To replicate our “Heaven of Tea” retail experience online, our website features our full assortment of premium loose-leaf teas, tea-related merchandise and tea gift sets. Online customers can view our virtual “Wall of Tea” that allows them to select teas from our assortment and read about the ingredients and healthful qualities that pertain to the tea they have selected. In addition to being able to purchase our premium teas on a one-time basis, our customers can also establish automatic purchase and delivery of their favorite teas through our online replenishment program. To drive increased sales through our online platform, we utilize online-specific marketing and promotional programs. We also utilize various social media and mobile applications as part of our online platform, including a mobile website, iPhone, iPad and Android applications, a Facebook fan page and a presence on Twitter. In addition, we employ banner advertisements, search engine optimization and pay-per-click arrangements to help drive traffic to our website.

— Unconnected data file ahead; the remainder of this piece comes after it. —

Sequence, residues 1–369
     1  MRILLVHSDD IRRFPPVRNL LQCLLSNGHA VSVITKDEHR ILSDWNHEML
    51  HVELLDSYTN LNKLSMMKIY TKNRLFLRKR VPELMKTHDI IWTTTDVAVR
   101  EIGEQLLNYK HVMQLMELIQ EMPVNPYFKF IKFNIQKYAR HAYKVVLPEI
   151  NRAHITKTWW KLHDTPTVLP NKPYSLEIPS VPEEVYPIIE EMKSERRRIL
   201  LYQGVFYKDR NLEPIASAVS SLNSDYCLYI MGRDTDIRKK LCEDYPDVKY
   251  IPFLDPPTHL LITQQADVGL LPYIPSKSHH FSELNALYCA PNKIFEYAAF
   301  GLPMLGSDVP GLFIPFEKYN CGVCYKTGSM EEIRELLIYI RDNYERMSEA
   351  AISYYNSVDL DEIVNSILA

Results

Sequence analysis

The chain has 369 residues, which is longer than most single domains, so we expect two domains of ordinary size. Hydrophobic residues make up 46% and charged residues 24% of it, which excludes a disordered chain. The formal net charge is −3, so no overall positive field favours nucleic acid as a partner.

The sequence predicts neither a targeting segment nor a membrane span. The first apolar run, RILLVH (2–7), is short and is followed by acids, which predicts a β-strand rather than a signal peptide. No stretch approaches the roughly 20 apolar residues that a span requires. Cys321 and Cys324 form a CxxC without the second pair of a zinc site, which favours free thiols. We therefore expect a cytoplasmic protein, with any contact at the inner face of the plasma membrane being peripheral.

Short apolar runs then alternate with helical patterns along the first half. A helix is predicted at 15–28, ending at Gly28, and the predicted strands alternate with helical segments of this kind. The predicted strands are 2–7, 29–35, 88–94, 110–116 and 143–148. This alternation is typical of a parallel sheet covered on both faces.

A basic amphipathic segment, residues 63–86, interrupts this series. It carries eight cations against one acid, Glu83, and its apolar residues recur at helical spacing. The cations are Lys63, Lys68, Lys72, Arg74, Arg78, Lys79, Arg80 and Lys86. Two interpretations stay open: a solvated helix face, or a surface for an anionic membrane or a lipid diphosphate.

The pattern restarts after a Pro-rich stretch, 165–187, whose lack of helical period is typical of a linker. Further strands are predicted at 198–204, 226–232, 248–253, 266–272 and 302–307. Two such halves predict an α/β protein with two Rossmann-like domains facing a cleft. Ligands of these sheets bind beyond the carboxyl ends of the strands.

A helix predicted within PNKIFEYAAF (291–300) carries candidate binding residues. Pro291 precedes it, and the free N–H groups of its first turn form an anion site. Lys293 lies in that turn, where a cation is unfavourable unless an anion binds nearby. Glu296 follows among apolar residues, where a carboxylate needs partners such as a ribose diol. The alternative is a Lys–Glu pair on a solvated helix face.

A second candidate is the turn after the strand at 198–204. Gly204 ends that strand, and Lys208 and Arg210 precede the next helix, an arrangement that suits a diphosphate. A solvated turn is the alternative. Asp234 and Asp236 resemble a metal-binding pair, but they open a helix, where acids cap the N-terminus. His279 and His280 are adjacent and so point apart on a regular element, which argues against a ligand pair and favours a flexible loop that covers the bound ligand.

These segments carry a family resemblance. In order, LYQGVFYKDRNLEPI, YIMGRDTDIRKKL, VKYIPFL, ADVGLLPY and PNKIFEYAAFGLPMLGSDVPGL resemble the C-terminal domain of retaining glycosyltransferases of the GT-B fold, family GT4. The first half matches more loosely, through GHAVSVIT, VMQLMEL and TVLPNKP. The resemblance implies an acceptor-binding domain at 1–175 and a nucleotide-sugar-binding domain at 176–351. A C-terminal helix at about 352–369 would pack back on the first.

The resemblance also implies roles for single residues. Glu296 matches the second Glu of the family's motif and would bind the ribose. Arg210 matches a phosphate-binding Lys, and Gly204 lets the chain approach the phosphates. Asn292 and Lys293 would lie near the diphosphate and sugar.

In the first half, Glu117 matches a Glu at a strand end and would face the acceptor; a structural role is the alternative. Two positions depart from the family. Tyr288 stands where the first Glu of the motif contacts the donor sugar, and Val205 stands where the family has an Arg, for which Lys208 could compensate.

Through our online platform, we can target a broader audience of customers and tea enthusiasts who may not live near one of our retail locations. We believe our online platform and our stores are complementary, as our online platform provides our store customers an additional channel through which to purchase our teas and tea-related merchandise while also helping drive awareness of and traffic to our stores.

International